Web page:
We cannot understand this logically. We cannot think about it coherently. It is weird. Even though we can’t find ourselves, we still exist as a finite being, at the functional, human level. The two things exist in parallel. Infinite awareness that is outside of time, and being here, the two of us, in our bodies, in this unique moment of existence, that will never be repeated again. It is amazing. And what is even more amazing is that these two, the infinite and the finite, are inseparable. They are not two different things. We cannot separate awareness from what we are aware of, because awareness is not a thing.

Gary: Is there a practice or methodology you follow that would create surrender? If so, please share!

Peter: There is nothing we have to do to be here. Simple things often work the best. Simple contemplation, simple meditation, being with what is, meditating and connecting with space, feeling the space of our existence. In simple contemplation, we take a break from the routine activity of daily life and bring awareness into the foreground. We can ask questions like “Who is aware? Who is doing this?” This creates openness into this place that is infinite, that has no center, that which allows everything to be as it is. It can be done just as well with eyes open as with eyes closed.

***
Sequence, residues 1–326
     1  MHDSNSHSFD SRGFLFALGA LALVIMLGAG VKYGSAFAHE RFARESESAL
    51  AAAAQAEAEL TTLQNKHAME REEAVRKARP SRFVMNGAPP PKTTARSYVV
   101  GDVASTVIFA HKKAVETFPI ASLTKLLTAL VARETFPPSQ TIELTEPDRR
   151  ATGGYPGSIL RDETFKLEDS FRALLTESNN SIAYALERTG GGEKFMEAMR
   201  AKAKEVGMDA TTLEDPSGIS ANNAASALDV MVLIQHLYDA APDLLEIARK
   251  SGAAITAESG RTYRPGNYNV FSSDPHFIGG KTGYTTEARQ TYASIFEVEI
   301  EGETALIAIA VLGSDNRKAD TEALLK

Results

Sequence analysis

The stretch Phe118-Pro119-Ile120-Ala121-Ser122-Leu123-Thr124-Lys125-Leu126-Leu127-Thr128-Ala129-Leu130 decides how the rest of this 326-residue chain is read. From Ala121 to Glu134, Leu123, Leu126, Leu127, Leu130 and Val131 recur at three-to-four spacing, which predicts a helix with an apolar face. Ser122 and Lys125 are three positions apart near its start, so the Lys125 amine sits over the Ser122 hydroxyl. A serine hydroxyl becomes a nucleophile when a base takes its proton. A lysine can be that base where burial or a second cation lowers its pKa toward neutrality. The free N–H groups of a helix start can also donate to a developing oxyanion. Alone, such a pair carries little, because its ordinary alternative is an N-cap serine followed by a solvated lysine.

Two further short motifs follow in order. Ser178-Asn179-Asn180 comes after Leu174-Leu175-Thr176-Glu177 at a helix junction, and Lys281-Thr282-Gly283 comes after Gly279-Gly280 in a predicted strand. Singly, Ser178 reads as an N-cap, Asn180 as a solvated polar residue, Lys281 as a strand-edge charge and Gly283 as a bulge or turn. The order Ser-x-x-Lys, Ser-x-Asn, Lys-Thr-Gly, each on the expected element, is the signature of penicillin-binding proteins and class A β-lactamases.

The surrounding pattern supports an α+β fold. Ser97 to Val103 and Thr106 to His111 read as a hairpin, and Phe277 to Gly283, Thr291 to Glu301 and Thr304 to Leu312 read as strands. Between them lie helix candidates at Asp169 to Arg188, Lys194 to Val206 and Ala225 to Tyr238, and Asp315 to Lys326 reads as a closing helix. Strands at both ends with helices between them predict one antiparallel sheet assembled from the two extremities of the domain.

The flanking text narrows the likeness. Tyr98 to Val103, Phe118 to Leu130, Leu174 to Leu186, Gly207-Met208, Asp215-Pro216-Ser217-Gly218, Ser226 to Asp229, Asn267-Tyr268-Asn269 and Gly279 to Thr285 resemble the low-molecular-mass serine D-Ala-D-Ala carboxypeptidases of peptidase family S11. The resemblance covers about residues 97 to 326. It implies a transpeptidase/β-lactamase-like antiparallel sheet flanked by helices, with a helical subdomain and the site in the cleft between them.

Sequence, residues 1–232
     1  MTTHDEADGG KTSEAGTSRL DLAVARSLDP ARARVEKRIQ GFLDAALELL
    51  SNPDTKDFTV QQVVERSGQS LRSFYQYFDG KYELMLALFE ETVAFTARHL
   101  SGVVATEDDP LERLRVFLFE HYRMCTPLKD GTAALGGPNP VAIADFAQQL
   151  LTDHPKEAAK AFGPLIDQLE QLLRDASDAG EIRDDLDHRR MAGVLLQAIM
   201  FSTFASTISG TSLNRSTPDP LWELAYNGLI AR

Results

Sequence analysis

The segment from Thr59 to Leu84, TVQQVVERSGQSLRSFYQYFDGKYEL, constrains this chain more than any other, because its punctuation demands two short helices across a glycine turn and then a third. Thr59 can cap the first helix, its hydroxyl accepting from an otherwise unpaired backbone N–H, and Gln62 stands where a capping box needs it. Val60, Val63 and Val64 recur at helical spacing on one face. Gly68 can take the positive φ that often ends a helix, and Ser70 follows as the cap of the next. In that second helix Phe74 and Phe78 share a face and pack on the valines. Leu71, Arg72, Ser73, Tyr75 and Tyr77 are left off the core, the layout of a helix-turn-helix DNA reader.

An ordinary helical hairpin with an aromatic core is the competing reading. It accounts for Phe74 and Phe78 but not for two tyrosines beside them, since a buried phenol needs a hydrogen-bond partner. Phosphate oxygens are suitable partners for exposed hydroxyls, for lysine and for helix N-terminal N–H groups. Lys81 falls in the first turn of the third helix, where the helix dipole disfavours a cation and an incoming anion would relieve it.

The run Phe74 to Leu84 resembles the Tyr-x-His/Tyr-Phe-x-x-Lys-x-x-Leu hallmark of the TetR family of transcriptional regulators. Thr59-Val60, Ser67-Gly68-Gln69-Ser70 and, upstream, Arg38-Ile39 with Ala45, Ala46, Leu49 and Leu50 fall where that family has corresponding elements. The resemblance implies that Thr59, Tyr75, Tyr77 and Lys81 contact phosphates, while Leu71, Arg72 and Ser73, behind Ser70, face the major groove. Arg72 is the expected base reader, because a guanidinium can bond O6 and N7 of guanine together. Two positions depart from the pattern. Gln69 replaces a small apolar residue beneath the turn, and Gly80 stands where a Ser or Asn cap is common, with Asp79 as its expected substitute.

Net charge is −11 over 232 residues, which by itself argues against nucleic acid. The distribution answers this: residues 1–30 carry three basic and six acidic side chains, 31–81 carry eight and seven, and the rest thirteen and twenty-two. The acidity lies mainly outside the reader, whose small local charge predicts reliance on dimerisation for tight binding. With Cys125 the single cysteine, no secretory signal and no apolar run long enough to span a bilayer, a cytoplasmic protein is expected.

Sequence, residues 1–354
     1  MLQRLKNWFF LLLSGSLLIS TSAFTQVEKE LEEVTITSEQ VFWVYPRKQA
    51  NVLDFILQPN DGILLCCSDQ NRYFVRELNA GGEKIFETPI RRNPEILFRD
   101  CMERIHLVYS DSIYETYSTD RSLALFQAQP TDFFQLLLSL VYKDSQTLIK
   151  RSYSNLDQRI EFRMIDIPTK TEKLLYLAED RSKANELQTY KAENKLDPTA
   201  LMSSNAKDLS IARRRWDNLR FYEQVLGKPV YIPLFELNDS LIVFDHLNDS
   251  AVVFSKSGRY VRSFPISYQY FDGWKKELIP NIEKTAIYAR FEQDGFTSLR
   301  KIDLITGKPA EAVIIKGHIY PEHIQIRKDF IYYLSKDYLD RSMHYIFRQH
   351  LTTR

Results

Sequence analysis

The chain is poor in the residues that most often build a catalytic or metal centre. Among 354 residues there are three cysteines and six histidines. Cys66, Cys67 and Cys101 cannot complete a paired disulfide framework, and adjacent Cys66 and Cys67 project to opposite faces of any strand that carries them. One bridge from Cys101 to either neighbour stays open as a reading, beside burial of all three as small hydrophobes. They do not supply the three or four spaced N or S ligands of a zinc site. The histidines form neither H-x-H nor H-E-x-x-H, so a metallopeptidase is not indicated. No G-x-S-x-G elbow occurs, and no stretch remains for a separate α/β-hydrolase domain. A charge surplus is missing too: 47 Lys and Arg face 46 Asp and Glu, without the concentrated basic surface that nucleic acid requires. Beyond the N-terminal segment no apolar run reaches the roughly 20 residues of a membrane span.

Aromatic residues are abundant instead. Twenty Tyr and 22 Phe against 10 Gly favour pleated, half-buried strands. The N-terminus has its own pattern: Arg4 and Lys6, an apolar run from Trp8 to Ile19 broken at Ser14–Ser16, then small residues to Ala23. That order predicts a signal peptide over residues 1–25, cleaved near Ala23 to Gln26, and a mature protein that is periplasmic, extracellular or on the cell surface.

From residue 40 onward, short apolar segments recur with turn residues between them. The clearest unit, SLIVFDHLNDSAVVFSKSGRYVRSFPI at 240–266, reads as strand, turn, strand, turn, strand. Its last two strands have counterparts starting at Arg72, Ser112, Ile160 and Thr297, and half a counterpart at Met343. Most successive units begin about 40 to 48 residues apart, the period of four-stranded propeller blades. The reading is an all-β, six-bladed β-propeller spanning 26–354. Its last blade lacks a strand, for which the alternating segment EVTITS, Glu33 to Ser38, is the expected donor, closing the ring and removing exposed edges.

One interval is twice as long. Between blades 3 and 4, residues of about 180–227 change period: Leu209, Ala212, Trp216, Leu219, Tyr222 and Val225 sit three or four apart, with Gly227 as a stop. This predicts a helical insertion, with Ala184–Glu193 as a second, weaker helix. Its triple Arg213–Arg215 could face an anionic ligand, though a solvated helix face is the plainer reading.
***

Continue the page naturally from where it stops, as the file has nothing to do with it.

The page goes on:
We can also pray to that which has no source. We can extend the prayer, and not know who or what we are praying to. Listening can also be profound. Not listening for anything in particular, but being in a state of total receptivity. Just listening. Listening to the silence of pure being.

Thank you very much for your questions Gary, and the opportunity to share this time with you.

Peter Fenner

About Peter Fenner

Peter Fenner, Ph.D. is a spiritual leader in the adaption and transmission of Asian nondual wisdom and Founder of Timeless Wisdom, a California nonprofit. He is a pioneer in the development of nondual therapy. He created the Radiant Mind Course® and the Natural Awakening: Advanced Nondual Training. Peter runs courses, trainings, retreats and satsang telecalls and offers individual coaching sessions. His students and clients include Buddhist psychotherapists, psychologists, coaches, Zen masters, Sufi masters, Vipassana and Mindfulness teachers, Yoga teachers, psychiatrists, medical doctors, hospice workers, students of Tibetan Buddhism, followers of Advaita, artists and spiritual seekers worldwide.Peter also offers retreats on 4 continents. He has presented his work at leading universities and institutions including Columbia, Stanford, CIIS and Naropa. Stay in touch: • Join Peter Fenner's network on LinkedIn • Like his page on Facebook